In the age before the advent of printed sea charts, the primary navigational tools were the manuscript sea charts called portolan charts and rudimentary instruments including the magnetic compass, the astrolabe and the cross staff. This paper focused on the development and use of these tools and how they were applied to Atlantic voyaging in the fifteenth and sixteenth centuries.
Richard Pflederer is the author of Finding their Way at Sea, a general-audience study of portolan charts, as well as eight reference books and several of articles, focusing on these charts. He won the Caird Fellowship of the National Maritime Museum in 2005 and has conducted other long term research projects while resident at the British Library and the Bodleian Library. He is a Fellow of the Royal Geographical Society, a member of the Editorial Advisory Council of The Portolan and a member of the Society for the History of Discoveries and the International Map Collectors’ Society. He has lectured on related subjects at venues around the world, such as London, Chicago, Washington, Miami, Guatemala City and Verona Italy. He teaches in the adult education section of the College of William & Mary and has served a member of the adjunct faculty of Old Dominion University. In 2009 he founded the Williamsburg Map Circle, a group whose aim is to promote the understanding of maps within the community. He is a graduate of Northwestern University and now shares his time between Williamsburg, Virginia and Montepulciano, Tuscany.
11:45 a.m.–12:30 p.m. | John Bockstoce
The cartography of Bering Strait and the discovery of the Western Arctic whaling grounds
Although the early cartography of Bering Strait was based largely on speculation and verbal reports, the rivalry between Russia and Britain for domain in the Western Arctic resulted in the first accurate charts of the region. After the discovery of the Bering Strait whaling grounds in 1848 –and the rush by the whaling fleet to exploit the new fishery– these charts became the basis for E. and G. W. Blunt’s “Polar, Behring sea and strait, from english & russian surveys”, published in New York in 1849 and widely employed by northern mariners for half a century.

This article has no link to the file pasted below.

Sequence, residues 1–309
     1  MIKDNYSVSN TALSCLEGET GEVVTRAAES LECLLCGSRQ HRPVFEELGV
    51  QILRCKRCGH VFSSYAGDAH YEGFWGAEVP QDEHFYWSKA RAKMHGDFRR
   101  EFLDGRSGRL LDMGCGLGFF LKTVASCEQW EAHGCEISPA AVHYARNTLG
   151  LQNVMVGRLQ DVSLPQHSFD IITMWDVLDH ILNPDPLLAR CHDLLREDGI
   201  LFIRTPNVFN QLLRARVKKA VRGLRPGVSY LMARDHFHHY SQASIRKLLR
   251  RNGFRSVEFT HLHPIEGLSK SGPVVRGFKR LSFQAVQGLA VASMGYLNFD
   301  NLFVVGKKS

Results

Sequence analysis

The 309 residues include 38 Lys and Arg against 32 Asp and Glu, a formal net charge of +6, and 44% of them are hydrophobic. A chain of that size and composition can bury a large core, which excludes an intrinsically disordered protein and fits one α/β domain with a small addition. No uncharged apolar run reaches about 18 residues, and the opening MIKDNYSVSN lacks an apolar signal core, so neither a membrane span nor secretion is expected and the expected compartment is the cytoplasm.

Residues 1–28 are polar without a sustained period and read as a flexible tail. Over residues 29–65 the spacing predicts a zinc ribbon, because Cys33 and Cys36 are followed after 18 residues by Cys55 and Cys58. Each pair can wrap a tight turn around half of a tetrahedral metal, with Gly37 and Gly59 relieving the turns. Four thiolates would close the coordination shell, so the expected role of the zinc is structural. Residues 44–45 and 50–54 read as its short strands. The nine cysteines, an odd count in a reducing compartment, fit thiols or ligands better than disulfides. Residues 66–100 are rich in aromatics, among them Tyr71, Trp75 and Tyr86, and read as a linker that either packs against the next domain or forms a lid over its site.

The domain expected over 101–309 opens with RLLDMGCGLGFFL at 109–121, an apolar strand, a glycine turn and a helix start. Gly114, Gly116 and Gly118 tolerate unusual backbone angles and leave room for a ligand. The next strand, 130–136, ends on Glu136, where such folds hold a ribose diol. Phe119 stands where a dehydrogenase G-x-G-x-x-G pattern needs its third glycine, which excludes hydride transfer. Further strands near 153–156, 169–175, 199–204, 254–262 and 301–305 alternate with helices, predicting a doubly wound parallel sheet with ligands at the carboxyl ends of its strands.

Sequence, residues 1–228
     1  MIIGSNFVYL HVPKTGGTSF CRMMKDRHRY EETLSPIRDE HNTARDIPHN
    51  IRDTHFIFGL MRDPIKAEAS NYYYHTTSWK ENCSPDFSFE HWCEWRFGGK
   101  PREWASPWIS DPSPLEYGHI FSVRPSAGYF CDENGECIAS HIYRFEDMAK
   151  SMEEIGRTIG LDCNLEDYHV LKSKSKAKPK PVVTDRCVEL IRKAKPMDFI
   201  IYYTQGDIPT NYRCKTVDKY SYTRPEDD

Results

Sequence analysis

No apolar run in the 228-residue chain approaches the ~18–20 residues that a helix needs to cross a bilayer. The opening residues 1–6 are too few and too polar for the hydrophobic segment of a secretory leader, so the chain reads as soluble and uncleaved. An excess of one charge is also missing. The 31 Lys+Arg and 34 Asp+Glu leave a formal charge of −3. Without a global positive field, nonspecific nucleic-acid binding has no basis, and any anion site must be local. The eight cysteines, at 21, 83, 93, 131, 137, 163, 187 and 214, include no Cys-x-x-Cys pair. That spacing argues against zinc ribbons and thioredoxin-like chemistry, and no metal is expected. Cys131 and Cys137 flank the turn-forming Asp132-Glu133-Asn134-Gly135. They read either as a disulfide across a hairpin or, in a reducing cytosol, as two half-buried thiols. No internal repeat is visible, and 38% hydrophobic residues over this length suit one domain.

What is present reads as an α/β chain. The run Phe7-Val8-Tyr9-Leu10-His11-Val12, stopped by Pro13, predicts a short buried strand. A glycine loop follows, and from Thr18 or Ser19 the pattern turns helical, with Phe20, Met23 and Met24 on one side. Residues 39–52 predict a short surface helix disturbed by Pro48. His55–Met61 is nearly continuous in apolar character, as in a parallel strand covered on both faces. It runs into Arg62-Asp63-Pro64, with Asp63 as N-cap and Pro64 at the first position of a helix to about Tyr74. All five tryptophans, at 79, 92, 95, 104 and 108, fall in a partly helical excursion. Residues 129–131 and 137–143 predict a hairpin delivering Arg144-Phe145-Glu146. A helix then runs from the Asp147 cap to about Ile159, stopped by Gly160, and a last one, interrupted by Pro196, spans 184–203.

John R. Bockstoce is an independent scholar specializing in the history of the Western Arctic whaling industry and fur trade. From 1974 to 1986 he was curator of ethnology at the Old Dartmouth Historical Society, now the New Bedford Whaling Museum. He received his doctorate, in Arctic Archaeology, from the University of Oxford.
12:30–2:00 p.m. | Break for lunch
2:00 – 3:00 p.m. | tour of NBWM Map Collection highlights with Chet Van Duzer and Christina Connett in the new Reading Room.
3:00 – 3:45 p.m. | John Huth
Wave piloting and stick charts of the Marshall Islands
The Marshall Islands in the equatorial Pacific has a distinct navigational culture that involves the observation of wave and swell patterns for sailors to find their way among the 27 atolls in their territory. An important part of the voyaging tradition is the use of stick charts to illustrate the patterns of waves as perturbed by atolls, both as a general-purpose chart and as a teaching aid to explain reflections, refractions, and transformations of waves/swells as they pass atolls.
The Donner Professor of Science at Harvard, John Huth investigates cultures of navigation in collaboration with anthropologists, and is the author of the book The Lost Art of Finding Our Way, which accompanies a course he developed for the General Education offerings in the category of Science of the Physical Universe, Empirical and Mathematical Reasons, and Study of the Past at Harvard University. A Ventures Faculty Member at the Radcliffe Institute for Advanced Study, he coordinates interdisciplinary studies, including a recent science symposium on navigation. Huth continues to study indigenous navigation techniques, with a particular focus on the Marshall Islanders tradition of wave piloting.
3:45–4:15 | Christina Connett
Charting the Whale